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Signposts in Cyberspace: The Domain Name System and Internet Navigation
the market for general Internet-wide navigation in competition with existing services. However, the new services or their technology could alternatively be acquired by an incumbent, thus making it available to users, or could focus on a niche that is not well served by the more general services.
So long as no single service becomes dominant, each competitor will have continuing pressure to improve its offerings. The net effect of these factors on innovation cannot be predicted.
Conclusion: The importance of the Internet as the infrastructure linking a growing worldwide audience with an expanding array of resources means that improving Internet navigation will remain a profitable goal for commercial developers and a challenging and socially valuable objective for academic researchers.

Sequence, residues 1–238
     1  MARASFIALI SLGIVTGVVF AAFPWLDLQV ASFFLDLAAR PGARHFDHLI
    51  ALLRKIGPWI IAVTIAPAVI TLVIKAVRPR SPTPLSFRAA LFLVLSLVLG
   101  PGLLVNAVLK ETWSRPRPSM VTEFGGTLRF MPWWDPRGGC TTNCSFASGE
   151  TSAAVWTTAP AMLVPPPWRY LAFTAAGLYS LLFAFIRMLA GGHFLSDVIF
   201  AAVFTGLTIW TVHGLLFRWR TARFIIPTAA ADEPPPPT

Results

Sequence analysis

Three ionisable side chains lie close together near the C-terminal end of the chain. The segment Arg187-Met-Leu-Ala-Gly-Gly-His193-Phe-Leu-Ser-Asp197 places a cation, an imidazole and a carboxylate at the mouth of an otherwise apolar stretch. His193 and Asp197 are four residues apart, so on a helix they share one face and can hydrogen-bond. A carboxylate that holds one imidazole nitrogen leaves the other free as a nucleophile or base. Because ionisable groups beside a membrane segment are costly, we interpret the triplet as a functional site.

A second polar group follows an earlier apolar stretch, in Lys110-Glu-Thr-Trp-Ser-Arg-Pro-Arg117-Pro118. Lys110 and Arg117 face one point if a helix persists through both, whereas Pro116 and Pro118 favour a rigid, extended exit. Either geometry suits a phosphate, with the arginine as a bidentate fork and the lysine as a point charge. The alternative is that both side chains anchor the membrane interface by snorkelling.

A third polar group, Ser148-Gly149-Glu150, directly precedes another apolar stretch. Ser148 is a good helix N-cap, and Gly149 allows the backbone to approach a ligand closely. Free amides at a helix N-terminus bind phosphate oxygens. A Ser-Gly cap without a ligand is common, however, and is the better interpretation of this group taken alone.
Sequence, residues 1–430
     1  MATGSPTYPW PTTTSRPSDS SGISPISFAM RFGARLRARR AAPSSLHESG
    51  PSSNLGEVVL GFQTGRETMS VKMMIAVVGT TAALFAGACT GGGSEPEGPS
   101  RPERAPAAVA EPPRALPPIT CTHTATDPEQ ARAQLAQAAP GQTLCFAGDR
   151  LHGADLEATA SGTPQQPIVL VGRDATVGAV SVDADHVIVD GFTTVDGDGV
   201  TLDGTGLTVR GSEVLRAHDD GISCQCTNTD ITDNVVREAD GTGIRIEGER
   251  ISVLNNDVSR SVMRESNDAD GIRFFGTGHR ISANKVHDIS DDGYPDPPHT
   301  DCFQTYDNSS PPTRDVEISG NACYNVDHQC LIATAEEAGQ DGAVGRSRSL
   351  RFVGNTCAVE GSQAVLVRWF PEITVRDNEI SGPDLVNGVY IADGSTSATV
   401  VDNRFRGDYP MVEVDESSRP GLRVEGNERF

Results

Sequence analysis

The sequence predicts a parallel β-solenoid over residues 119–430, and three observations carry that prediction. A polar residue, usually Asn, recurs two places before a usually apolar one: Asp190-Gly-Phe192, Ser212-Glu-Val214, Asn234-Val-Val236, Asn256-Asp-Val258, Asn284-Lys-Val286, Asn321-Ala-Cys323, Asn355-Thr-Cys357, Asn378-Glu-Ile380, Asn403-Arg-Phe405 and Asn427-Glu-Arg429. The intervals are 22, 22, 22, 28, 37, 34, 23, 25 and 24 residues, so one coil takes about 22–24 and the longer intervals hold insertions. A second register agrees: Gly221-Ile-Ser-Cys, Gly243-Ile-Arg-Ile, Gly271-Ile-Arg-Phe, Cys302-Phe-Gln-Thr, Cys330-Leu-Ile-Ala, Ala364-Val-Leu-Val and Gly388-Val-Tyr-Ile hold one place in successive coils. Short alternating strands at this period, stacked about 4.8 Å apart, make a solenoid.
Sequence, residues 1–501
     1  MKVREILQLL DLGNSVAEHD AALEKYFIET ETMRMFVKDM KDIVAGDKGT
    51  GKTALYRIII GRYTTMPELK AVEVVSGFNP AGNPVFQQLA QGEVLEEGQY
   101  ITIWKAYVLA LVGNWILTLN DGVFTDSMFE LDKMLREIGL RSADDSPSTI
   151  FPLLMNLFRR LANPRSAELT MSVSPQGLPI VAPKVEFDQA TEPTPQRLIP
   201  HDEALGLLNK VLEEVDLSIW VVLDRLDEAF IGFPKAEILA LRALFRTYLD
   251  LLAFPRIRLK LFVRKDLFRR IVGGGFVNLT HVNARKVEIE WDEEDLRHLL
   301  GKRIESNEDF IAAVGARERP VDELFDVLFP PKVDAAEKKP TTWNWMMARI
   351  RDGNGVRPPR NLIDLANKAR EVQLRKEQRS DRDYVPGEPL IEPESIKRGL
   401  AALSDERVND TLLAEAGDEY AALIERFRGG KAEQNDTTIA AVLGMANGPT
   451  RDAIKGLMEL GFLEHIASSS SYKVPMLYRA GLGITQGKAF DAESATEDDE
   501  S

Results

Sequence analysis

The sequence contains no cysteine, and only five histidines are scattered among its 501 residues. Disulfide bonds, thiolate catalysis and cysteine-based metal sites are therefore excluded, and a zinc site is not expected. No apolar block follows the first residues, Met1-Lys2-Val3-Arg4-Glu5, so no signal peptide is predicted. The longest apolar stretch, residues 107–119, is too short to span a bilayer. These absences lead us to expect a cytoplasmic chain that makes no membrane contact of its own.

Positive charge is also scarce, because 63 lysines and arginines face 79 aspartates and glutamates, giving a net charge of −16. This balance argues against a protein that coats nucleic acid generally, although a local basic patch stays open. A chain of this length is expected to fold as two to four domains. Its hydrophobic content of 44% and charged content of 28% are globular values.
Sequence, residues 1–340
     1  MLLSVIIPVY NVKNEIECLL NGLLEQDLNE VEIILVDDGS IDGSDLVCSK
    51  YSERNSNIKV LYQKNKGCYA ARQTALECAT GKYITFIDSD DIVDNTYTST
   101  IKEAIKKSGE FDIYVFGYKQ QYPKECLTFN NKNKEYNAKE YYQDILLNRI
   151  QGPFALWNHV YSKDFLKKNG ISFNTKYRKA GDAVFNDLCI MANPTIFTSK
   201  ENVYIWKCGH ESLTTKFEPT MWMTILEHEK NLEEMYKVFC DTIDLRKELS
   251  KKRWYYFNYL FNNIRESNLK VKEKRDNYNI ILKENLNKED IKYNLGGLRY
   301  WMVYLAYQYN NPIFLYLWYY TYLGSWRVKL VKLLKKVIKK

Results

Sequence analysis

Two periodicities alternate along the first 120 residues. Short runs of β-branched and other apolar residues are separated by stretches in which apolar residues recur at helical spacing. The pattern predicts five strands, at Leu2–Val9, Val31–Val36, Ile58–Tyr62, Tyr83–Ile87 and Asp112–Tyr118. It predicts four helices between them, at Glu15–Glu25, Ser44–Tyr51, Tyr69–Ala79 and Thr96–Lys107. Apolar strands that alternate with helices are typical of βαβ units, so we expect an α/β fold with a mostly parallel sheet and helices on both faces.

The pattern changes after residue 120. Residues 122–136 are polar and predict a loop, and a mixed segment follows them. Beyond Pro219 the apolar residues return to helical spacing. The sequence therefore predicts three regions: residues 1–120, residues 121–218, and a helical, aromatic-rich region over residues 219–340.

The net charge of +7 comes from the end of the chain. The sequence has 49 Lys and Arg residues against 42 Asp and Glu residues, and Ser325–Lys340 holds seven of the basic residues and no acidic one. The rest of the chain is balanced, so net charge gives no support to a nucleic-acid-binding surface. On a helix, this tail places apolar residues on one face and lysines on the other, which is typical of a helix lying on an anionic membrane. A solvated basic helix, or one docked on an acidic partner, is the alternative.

Conclusion: Since competition in the market for Internet navigation services promotes innovation, supports consumer choice, and prevents undue control over the location of and access to the diverse resources available via the Internet, public policies should support the competitive marketplace that has emerged and avoid actions that damage it.